Original image credit: Sales image
The impending IPv4 exhaustion is predicted to occur some time in 2011, so how is Australia positioned to cope ? To begin, most routers currently on the market do NOT support IPv6.. a critical piece in the puzzle. The good news is that some routers can become IPv6 capable with a simply firmware upgrade. Problem is, while the tech-savy amongst us are more than capable, our parents won’t be. Out of current routers on the market, almost none support IPv6, this needs to change.
Last night I updated my Billion 7800N router to a new beta firmware, 1.06b which added IPv6 support. If you happen to own the same router and are game, you can download it from Billion’s support forums. To check if there’s an updated firmware available for your router, just head to the support area for your manufacturer. Check the version notes for references to IPv6 support. Make sure you also read how to enable IPv6 connections. Armed with the new capability, the next question is does your ISP support it ?
After some research, the answer will likely disappoint you. Unfortunately it seems most ISPs are not moving on this issue. If they’re waiting for consumer demand, they’ll be waiting a long time, most of the public don’t need or want to know about the problem.
Given the ISPs are the ones dealing out IP addresses to customers, you’d think they would be more proactive about this issue. Sure they’ve already purchased big blocks of IP ranges to dynamically assign to customers, but if they want to expand their customer bases in the future, they will need new addresses.
Australian ISPs supporting IPv6 today (this will be updated over time).
- Internode – without a doubt leading the way. They have a full IPv6 trial running which allows customers to connect via IPv6 and have done for more than a year now.
- iiNet: On its way..
- Telstra/Bigpond: No
- Optus: No
- Westnet: No
- TPG: No
You can see the progress being made world-wide on this issue by visiting Sixxs.net.
In a Telstra whitepaper from July 2009, titled ‘Transition: IPv4 to IPv6’, AGIMO (Australian Government Information Management Office) lists a number of Government mandated requirements for the adoption of IPv6 within the Australian Government and its departments:
- Preparation Jan 2008-Dec 2009
- Transition Jan 2010-Dec 2012
- Implementation Jan 2013-Dec 2015
The Australian Department of Defence has also mandated a move to IPv6 to becompleted by the end of 2013.
If your lucky enough to be with a forward thinking ISP, a great way to test if your new IPv6 connection is working correctly is to visit http://ipv6.google.com. Another test you should run is http://speedtest.net both on IPv4 and IPv6 to see if it makes any difference to ping or connection speeds.
Internally on your LAN older devices should still work fine thanks to IPv6 to v4 translation. One key difference with future devices is they may be IPv6 compatible which means they would be capable of receiving their very own IP address direct from your ISP.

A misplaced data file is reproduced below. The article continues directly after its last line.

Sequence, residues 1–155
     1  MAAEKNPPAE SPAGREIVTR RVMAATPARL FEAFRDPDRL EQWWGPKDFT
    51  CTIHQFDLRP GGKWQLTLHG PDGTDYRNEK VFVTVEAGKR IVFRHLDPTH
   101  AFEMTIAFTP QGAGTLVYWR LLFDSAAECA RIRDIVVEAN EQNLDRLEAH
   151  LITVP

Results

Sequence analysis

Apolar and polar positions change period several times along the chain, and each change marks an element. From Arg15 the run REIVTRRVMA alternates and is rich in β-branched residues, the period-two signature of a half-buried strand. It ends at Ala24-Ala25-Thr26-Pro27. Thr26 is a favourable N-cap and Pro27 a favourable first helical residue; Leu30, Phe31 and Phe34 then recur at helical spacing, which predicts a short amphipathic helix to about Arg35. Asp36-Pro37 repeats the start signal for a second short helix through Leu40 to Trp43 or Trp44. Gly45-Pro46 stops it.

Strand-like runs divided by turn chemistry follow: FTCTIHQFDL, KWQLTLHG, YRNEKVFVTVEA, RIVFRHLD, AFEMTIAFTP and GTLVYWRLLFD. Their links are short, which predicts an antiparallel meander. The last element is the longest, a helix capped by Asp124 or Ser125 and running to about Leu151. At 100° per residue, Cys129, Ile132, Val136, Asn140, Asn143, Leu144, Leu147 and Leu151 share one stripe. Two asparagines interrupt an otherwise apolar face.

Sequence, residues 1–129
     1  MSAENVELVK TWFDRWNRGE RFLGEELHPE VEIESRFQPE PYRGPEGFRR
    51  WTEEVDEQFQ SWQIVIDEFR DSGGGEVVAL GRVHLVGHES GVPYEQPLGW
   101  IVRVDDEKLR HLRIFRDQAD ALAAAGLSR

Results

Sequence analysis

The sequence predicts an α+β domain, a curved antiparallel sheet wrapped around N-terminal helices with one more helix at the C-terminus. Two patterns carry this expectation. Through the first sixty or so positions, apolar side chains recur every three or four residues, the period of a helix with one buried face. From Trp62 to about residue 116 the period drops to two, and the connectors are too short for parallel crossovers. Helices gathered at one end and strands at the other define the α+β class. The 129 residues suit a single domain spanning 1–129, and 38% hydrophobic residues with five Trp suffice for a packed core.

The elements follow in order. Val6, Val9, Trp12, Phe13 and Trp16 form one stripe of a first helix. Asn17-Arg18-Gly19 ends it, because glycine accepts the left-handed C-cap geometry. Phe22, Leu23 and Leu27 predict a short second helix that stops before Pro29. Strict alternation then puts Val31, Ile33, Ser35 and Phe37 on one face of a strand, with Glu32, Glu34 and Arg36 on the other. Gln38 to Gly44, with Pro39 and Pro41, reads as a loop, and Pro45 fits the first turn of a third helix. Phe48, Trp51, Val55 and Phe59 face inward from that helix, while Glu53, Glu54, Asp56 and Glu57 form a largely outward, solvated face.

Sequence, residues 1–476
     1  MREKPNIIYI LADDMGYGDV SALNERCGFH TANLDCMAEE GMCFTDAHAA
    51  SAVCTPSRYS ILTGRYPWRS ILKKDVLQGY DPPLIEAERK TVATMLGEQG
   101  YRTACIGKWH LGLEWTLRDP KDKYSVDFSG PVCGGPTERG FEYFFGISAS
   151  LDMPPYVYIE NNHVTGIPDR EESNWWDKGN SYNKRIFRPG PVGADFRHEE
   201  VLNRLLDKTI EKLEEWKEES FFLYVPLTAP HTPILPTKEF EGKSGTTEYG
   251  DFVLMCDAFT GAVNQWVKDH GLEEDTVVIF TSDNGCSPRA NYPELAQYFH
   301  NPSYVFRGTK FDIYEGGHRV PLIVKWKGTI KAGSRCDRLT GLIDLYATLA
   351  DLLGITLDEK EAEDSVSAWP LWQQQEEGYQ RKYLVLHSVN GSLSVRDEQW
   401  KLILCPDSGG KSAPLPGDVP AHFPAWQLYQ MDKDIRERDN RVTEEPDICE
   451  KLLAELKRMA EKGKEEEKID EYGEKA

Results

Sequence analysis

Turning back the clock a little, there’s actually a really long history of IPv6 dating back two decades. So lets take a look at some other important events along the way
- March, 2000 – Microsoft releases an IPv6 technology preview version for Windows 2000
- 2002 – Microsoft XP SP1 ads IPv6 capability
- 2003 – Apple OS X v10.3 ads IPv6, enabled by default
- 2007 – Vista ships with IPv6 enabled by default.
- March 12, 2008 – Google launched IPv6 version of search – http://ipv6.google.com
- July 18, 2008 – Internode launches first IPv6 network in Australia
- November 19, 2008 – VIC government announce $350,000 to encourage industry to shift to IPv6
- June 2010 – Facebook launches – http://v6.facebook.com
- June 8, 2011 – World IPv6 day – http://isoc.org/wp/worldipv6day/
Its amazing just how under prepared we are for the transition to IPv6 and while the IP4 exhaustion wont mean consumers can’t connect, it will effect potential new customers. One aspect that hasn’t been discussed is the black market that may emerge in those owners of large unused IPv4 addresses try to scalp them. Buying these should be strongly discouraged, its a short term band-aid solution that’s surely going to lead to a price spike.
If ISPs are serious about dealing with the issue, they’ll invest in IPv6 support and get trials happening before the end of 2011. While that’s in mention, router manufacturers should be filling shelves with dual stack IPv4 and 6 routers to future proof and make the transition seamless for end-users. The lifespan of a typical home router is many years, so natural attrition is going to be a very, very slow process. While most of us burn through computers every 2-3 years, things like monitors, speakers and routers, tend to be around for 5-7 years.
Will IPv6 run out ?
To give you an idea of just how future-proof IPv6 addresses are, I refer you to a post from Whirlpool forum member Pulse..
The ipv6 total address pool is (approximately)
Given the number of people on the earth at the moment (estimate about, what, 6.9 billion?) is only
4.34782609 × 10^28 IP addresses for each and every person presently on earth.
..that’s a lot ! So yeah its about as future-proof as you can get.
If you have any news on IPv6 rollouts from Australian ISPs, please leave a comment and this post will be updated.